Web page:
Everyone laughed. “His name is a big as he is,” their young daughter said. “In six weeks you can take him home.”
I was so excited. I counted down the weeks, recording them in my calendar. On May 23, 2003, Shakespeare came home with us. He curled his little body on my chest and went to sleep as I rubbed his ears.
Whenever he got upset, felt badly or just wanted a bit of affection, he would come to me wanting me to rub his ears. He became close friends with our oldest giant schnauzer, Prince Marmaduke Shamus. They romped and played outside, enjoyed boat rides and walks. Shakespeare LOVED walking. Whenever he passed by the area where the leashes hung, he would jump up and hit a leash, as if to say, “Hey Mom. It’s time for us to take a walk.”
Walking continued until we lost Shamus on May 2, 2012. Shakespeare loved being leader of the pack. He rushed ahead every time we walked. Over the years, Shakespeare loved to cuddle on my hip in bed. If I asked him to move so I could sleep, he groaned and when I fell back to sleep, he attached to me again.
Growing into a husky, mini-schnauzer size, Shakespeare loved to eat. At dinner time, he would stand under our kitchen table, knowing we would not allow him to beg for food, but he was nearby IF we gave him a bite. He grew to be 30 pounds. Once, while at his wellness check-up, our veterinarian suggested we cut back on his food a bit and give him green beans.
“Oh…He loves green beans!”
Our giant – Prince Marmaduke Shamus, lived with us from June 11,. 2001 – May 2, 2012
and Shakespeare, enjoying a walk
Every day with Shakespeare was a new experience. He would jump up to play, run around to play chase, and at Christmas time, he sniffed all the gifts until he found the gift wrapped doggie cookies. When he found it, he tore the gift wrap and chewed down, eating all of the cookies. When it was empty, he carried the empty container to me, as if to say, “May I have some more!” Every crumb was gone!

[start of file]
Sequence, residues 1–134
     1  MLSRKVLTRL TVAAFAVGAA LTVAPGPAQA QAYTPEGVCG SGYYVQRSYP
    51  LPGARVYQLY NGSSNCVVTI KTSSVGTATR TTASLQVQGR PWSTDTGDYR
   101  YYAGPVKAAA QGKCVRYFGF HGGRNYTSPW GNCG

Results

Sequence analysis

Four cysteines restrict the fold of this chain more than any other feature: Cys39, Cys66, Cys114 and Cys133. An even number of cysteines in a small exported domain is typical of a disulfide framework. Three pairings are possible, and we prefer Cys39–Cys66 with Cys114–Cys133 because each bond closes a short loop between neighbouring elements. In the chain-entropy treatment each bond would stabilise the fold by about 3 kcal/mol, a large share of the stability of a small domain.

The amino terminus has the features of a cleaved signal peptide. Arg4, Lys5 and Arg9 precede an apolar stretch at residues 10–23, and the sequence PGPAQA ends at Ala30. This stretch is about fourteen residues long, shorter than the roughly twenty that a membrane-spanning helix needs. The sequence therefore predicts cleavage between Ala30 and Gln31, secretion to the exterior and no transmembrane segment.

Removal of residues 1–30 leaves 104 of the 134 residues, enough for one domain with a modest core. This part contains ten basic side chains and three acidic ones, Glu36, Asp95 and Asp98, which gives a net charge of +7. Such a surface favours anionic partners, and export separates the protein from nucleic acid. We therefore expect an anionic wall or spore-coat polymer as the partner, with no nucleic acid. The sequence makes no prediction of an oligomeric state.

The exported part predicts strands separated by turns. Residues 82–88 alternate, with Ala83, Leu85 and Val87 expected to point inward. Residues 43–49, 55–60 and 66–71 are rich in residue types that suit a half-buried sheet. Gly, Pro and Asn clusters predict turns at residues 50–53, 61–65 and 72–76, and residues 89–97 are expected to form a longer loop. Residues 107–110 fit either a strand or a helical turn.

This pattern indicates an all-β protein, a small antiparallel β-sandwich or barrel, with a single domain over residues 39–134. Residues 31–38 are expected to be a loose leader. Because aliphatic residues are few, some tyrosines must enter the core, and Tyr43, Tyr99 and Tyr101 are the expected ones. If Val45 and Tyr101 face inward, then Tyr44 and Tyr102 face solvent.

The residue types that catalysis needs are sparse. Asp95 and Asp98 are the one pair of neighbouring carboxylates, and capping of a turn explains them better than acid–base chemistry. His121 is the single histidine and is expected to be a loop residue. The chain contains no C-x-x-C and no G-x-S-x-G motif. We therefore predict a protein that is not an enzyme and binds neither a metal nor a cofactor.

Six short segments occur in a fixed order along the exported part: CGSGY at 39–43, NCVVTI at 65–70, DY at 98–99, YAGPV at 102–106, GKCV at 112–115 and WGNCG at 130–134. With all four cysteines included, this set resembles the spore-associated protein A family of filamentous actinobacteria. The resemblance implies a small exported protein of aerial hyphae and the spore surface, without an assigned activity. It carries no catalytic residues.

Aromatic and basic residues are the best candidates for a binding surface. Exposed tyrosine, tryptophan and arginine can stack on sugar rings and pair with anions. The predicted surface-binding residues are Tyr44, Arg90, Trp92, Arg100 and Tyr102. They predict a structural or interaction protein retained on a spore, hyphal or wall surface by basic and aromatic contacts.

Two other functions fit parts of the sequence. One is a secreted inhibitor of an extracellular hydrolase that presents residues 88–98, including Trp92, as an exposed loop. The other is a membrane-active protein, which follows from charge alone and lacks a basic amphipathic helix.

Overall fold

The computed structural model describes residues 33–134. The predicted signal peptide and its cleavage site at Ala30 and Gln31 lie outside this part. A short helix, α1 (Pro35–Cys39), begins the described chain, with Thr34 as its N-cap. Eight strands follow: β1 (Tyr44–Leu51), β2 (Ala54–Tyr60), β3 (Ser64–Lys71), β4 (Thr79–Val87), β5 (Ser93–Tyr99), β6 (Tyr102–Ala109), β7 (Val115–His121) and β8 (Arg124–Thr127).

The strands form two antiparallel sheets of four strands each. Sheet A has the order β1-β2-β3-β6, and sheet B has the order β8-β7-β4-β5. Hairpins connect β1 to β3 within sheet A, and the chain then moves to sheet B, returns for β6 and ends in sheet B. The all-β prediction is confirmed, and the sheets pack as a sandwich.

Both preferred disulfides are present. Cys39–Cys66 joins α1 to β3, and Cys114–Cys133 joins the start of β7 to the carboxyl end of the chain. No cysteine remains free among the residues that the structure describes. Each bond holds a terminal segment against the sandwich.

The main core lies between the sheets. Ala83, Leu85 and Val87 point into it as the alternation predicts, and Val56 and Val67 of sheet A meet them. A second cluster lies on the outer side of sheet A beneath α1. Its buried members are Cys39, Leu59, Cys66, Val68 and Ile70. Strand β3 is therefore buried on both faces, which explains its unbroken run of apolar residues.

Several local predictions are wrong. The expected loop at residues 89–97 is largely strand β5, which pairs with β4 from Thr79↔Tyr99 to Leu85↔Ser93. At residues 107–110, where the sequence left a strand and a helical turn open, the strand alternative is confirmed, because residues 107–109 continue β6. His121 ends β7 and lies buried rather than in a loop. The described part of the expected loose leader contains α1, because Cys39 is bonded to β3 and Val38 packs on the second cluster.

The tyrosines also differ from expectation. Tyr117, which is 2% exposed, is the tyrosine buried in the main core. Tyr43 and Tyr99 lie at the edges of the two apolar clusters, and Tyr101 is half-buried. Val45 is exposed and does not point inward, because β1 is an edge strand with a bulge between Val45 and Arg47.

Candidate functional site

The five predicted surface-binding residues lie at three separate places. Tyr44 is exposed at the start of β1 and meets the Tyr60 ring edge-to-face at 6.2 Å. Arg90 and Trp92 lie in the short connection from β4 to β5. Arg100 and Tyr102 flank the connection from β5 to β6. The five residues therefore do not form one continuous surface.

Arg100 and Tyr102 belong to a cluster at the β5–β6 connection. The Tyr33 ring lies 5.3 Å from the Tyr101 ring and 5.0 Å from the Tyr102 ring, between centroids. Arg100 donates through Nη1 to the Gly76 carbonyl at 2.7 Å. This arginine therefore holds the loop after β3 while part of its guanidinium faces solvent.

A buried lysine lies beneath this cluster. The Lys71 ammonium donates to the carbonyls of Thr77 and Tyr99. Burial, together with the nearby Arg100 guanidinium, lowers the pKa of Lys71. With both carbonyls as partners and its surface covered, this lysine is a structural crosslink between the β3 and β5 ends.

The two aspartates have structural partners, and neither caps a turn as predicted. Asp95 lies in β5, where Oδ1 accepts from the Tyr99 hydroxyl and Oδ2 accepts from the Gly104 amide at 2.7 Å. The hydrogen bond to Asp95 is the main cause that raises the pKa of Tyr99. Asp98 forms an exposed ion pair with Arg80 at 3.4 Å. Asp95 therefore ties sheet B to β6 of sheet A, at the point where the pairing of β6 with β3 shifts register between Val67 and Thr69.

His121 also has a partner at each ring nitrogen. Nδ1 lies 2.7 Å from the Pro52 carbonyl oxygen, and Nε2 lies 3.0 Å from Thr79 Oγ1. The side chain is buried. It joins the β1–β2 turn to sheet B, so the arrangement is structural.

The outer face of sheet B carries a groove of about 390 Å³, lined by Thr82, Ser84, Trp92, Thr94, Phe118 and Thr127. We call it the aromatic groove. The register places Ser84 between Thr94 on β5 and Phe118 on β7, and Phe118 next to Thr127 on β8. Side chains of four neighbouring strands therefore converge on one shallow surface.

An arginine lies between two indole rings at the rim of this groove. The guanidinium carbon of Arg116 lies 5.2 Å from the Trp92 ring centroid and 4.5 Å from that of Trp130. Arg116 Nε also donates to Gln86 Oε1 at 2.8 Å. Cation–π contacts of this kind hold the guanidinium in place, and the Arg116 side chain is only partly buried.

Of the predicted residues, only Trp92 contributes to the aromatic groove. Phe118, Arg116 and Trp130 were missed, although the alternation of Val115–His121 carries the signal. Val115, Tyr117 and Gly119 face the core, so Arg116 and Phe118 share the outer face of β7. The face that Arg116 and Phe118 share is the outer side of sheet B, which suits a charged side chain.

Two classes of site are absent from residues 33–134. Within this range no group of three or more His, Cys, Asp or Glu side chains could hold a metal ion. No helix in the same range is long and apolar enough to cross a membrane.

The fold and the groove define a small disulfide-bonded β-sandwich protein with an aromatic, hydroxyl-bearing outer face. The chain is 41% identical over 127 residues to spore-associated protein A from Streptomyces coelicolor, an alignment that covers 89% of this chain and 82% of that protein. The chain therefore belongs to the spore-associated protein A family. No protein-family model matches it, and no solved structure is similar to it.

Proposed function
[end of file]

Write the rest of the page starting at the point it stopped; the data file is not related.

A few years ago, maybe in 2008, I started singing again. One morning, I was so wrapped up with a song, I didn’t notice Shakespeare until he tapped me with his paw. He was sitting up, listening to me singing, as if I was only singing to him. So, I sat down next to him and sang. When my husband came into the room, he watched us and said, “See, Shakespeare loves to hear you sing.”
Every time I sang after that day, I made certain to sing to Shakespeare.
We were bonded as one. Wherever I would go, Shakespeare wanted to go. When I went outside to enjoy the sunshine and work on my tan, Shakespeare followed. He would lie next to me on the ground, or he would jump on my chest. Silly boy!
He was independent. Charming. Trusting. Affectionate, and so funny! Shakespeare loved to spend time at home; however, when we left him in the breakfast room with the other dogs, if we failed to leave a light on and we arrived home in the dark, we could hear Shakespeare chewing us out as soon as we got out of the car. He would yelp at his highest pitch, as if he was saying to us: “How dare you to leave me in the dark. You know I don’t like the dark, and even if I am resting with the other dogs, I do not feel safe in the dark. DON’T LEAVE ME IN THE DARK AGAIN!”
I found a small vanity lamp, placing it in the breakfast room. Shakespeare would not be left in the dark again!
Approaching his senior years, he began losing weight, even though he was eating. The vets said he was OK. In 2015, his wellness check-up revealed he had lost a bit of weight. Even though he was husky, he was healthy. In September, 2016, after he was groomed, I noticed he was getting thin. In November, he would not eat occasionally. He didn’t want treats, nor did he want to play with Prince Midnight Shadow.